Mercyhealth Hospital and Trauma Center–Janesville has successfully performed its 100th transcatheter aortic valve replacement (TAVR) procedure. This minimally-invasive procedure replaces a narrowed aortic valve that fails to open properly.
During TAVR, a cardiologist and cardiovascular surgeon insert a replacement valve through a small incision into a catheter and guide it through an artery to the patient’s heart, where a balloon is expanded to press the valve into place.
Aortic stenosis affects more than 2.5 million Americans over the age of 75 annually. Valve replacement can be required if diet and lack of exercise cause heart valves to atrophy or harden. The loss of valve flexibility may cause chest pain, rapid heart rhythms or skips, shortness of breath, fatigue, weakness, and other symptoms.
“It has been a massive institutional effort here at Mercyhealth to renovate our surgical suites and introduce a hybrid operating suite to allow us to do this level of procedures. Our team is excited to continue to provide high quality, evidence-based approaches that help patients live more enjoyable lives,” said Dr. John Snider, cardiothoracic surgeon at the Mercyhealth Heart and Vascular Center–Janesville.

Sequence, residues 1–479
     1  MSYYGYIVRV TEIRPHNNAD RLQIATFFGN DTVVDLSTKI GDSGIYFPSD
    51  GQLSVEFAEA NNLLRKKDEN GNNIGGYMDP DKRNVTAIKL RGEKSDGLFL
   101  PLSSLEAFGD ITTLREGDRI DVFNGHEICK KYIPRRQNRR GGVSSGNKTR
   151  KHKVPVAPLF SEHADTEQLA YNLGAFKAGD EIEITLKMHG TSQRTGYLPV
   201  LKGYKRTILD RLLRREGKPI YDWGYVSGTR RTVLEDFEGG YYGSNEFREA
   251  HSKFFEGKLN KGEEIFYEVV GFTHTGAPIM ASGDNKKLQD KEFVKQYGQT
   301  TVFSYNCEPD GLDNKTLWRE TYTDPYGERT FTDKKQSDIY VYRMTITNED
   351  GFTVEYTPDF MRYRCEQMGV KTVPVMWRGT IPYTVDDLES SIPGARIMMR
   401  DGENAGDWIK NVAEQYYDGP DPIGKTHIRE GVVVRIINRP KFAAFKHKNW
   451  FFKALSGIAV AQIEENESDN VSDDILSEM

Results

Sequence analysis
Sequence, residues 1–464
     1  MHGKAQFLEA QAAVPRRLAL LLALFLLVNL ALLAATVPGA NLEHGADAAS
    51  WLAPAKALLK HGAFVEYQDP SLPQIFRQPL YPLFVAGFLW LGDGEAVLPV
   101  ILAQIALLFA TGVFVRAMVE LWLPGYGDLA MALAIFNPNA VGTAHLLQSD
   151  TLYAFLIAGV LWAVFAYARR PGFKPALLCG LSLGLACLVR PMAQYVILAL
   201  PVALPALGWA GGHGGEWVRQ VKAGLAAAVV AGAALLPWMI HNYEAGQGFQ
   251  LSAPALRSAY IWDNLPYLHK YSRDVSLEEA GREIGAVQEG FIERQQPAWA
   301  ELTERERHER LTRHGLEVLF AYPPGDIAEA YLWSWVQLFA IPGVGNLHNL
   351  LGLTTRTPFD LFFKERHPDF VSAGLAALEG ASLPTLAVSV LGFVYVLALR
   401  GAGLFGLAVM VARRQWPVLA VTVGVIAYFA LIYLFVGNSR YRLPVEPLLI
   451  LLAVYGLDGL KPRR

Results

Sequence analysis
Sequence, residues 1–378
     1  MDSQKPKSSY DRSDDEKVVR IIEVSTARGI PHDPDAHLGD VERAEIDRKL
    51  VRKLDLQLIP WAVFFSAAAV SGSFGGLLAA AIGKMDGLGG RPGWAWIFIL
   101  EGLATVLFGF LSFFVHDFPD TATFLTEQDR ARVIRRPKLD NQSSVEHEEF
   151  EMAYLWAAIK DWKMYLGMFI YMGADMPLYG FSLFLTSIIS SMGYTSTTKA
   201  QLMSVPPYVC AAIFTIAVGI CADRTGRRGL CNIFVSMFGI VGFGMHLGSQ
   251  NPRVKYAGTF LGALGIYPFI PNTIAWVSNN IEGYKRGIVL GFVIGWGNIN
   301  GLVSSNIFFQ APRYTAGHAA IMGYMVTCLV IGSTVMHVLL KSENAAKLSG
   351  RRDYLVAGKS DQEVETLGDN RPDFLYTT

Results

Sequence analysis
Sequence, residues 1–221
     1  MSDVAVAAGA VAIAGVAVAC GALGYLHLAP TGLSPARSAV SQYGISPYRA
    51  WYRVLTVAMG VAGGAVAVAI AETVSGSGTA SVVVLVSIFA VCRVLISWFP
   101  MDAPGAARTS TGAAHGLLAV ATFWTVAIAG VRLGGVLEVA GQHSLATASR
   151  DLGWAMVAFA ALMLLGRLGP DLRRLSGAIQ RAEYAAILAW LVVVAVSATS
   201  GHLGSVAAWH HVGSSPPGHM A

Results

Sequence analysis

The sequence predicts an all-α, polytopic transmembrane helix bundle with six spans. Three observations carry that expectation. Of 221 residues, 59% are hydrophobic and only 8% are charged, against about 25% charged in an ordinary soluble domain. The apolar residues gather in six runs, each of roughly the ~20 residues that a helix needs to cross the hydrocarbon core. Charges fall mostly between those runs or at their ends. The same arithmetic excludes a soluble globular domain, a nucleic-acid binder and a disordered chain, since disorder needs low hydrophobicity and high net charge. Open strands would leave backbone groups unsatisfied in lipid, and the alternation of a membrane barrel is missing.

Compared with open-heart surgery, patients who undergo TAVR spend less time in the hospital and are able to recover more quickly and get back to their everyday activities.
“TAVR combines aspects of both cardiology and cardiac surgery and the close collaboration allows for excellent outcomes,” said Dr. Gene Gulliver, interventional cardiologist at the Mercyhealth Heart and Vascular Center–Janesville.
Mercyhealth’s 100th TAVR patient, Laverne “Bud” Strand, 97, underwent his TAVR procedure in late June. He said he chose TAVR to help with shortness of breath.
Since his procedure, Bud says he can breathe easier and walk further without running out of breath.
“I thank Dr. Gulliver and Dr. Snider for giving me a part of my life back again,” said Bud.
“Twenty years ago, with his disease, we wouldn’t have been able to offer him a lot because he wouldn’t have done well with an open-heart surgery but with this minimally invasive procedure, we were able to get (Bud) in, replace the valve and let him go home the next day with his wife,” said Dr. Gulliver.